Sanderson M. Smith

PROPERTIES OF VARIANCES & MEANS FOR TWO INDEPENDENT RANDOM VARIABLES

Here is an illustration of these important statistical formulas:

If X and Y are any two random variables, then

mX+Y = mX + mY

mX-Y = mX - mY

If X and Y are independent random variables, then

s2X+Y = s2X + s2Y

s2X-Y = s2X + s2Y (Note: Variances are added, not subtracted.)

Note: These "nice" rules do not hold for standard deviations, as the example below will illustrate.

Now, let X be a member of the set {2,4,6,8} and Y be a member of the set {1,3,5}. Then X+Y is a member of the set {2+1, 2+3, 2+5, 4+1, 4+3, 4+5, 6+1, 6+3, 6+5, 8+1, 8+3, 8+5}. This set contains only six numbers, but one must consider frequencies when calculating means and variances. The set containing values of X-Y is constructed in a similar manner.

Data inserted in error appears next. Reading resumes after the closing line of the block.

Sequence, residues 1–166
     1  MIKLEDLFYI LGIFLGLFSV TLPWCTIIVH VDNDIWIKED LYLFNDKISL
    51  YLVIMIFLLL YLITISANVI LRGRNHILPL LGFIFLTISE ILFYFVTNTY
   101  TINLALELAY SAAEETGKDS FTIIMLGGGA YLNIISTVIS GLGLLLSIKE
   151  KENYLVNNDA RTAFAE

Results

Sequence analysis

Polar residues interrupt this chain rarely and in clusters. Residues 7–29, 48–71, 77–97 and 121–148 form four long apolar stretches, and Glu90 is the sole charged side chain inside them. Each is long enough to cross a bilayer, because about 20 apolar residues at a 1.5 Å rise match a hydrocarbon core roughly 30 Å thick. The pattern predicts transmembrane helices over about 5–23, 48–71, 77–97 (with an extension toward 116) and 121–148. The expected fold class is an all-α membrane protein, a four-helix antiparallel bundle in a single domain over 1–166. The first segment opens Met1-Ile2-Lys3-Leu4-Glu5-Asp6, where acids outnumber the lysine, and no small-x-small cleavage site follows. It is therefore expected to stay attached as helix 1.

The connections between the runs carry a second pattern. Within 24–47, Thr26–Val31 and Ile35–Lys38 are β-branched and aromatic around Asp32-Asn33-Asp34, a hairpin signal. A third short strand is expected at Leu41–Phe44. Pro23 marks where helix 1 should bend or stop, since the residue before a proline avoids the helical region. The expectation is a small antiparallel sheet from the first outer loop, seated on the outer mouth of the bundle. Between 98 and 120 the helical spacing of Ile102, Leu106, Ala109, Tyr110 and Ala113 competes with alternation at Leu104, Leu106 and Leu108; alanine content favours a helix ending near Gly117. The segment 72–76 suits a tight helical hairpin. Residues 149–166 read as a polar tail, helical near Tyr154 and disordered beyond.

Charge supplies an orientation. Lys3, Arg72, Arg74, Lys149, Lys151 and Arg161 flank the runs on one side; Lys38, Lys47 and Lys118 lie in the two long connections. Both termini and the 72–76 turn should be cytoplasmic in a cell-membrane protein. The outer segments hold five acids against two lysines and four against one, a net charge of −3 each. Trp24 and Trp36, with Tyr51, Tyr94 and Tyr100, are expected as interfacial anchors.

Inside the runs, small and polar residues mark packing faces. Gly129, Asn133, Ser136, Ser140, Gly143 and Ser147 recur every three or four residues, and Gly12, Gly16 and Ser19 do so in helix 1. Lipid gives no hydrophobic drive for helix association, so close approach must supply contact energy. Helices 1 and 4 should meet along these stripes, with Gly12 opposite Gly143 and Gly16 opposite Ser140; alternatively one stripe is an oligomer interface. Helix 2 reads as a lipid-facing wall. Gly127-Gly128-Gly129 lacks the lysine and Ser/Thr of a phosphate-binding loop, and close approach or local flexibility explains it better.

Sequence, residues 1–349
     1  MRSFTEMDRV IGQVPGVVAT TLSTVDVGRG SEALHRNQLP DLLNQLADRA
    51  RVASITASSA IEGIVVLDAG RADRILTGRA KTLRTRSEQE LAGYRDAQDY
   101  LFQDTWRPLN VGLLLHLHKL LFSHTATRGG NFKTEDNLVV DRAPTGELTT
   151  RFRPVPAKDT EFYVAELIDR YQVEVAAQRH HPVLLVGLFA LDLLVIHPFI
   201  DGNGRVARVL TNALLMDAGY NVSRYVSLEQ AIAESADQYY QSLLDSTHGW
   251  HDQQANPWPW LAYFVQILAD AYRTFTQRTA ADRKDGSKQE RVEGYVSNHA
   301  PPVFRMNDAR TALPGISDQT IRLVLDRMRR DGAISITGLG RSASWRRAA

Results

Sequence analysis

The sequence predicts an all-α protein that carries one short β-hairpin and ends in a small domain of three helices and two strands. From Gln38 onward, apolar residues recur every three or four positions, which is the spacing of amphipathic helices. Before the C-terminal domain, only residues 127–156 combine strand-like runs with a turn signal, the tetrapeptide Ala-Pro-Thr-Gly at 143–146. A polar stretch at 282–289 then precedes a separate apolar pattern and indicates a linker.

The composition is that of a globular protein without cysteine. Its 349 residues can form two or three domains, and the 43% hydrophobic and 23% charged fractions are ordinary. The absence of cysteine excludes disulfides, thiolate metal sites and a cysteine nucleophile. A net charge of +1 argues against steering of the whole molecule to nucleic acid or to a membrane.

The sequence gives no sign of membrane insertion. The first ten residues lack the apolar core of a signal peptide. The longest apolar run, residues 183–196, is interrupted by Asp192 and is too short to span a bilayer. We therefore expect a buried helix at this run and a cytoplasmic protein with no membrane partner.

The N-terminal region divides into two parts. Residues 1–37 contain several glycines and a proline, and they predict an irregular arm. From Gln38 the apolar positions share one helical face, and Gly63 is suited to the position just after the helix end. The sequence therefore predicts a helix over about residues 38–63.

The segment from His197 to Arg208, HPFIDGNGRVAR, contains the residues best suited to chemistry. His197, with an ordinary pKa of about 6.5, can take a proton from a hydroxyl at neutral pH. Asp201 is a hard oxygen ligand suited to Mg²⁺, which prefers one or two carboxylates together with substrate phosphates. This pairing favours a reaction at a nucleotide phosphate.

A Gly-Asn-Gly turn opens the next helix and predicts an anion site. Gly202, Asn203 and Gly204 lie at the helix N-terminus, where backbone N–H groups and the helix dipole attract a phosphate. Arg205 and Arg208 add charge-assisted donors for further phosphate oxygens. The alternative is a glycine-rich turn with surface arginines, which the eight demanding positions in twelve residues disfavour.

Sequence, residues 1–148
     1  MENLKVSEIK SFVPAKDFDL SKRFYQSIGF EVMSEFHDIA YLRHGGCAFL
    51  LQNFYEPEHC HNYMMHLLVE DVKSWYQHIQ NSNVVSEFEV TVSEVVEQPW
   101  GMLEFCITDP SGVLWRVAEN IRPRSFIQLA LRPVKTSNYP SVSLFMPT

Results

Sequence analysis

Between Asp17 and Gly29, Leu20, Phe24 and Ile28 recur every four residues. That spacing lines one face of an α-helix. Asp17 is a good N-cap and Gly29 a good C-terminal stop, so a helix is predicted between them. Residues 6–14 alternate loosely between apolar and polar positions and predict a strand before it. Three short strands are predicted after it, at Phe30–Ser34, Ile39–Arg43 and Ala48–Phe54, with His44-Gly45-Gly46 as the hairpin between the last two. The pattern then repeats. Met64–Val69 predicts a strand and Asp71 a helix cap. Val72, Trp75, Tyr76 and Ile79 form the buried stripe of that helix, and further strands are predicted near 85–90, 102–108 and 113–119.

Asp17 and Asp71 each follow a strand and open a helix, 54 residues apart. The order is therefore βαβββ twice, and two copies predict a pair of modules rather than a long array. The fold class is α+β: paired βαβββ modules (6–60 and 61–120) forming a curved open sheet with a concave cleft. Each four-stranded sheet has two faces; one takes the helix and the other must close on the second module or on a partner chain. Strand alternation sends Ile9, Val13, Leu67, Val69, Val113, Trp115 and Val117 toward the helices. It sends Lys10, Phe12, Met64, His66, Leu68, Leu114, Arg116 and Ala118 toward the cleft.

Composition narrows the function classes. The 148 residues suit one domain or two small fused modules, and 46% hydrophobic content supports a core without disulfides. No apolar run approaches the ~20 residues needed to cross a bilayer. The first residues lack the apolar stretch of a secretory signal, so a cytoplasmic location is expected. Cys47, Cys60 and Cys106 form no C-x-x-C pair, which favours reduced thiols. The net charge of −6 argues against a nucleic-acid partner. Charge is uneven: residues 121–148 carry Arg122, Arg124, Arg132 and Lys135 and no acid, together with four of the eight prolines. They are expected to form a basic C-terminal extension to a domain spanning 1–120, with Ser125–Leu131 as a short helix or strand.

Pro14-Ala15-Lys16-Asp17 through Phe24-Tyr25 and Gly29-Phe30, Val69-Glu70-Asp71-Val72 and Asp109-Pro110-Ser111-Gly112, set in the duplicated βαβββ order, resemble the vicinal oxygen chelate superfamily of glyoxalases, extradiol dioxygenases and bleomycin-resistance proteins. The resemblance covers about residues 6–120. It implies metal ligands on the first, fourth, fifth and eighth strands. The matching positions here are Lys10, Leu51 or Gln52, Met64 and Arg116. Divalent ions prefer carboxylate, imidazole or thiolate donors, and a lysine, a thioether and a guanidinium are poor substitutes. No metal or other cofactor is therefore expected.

Don't make the careless mistake of thinking the set X+Y consists of {1,2,3,4,5,6,8}. Sometimes you do combine two sets to form a single set, but that's not what is being done here.

You can verify the computations below using your calculator.

 X Y X+Y X-Y 2 1 3 1 4 3 5 -1 6 5 7 -3 8 5 3 7 1 9 -1 7 5 9 3 11 1 9 7 11 5 13 3 m 5 3 8 2 s 2.23607 1.63299 2.76887 2.76887 s2 5 2.66667 7.66667 7.66667

 Distribution of X+Y * * * * * * * * * * * * -3 -2 -1 0 1 2 3 4 5 6 7 8 9 10 11 12 13 Distribution of X-Y * * * * * * * * * * * * -3 -2 -1 0 1 2 3 4 5 6 7 8 9 10 11 12 13

Repeating what is stated above, you should note from this example that the parameters m (mean) and s2 (variance) "behave" quite nicely, but the parameter s (standard deviation) does not. From algebra and geometry, we know that if a2 + b2 = c2, it does not follow that a + b = c.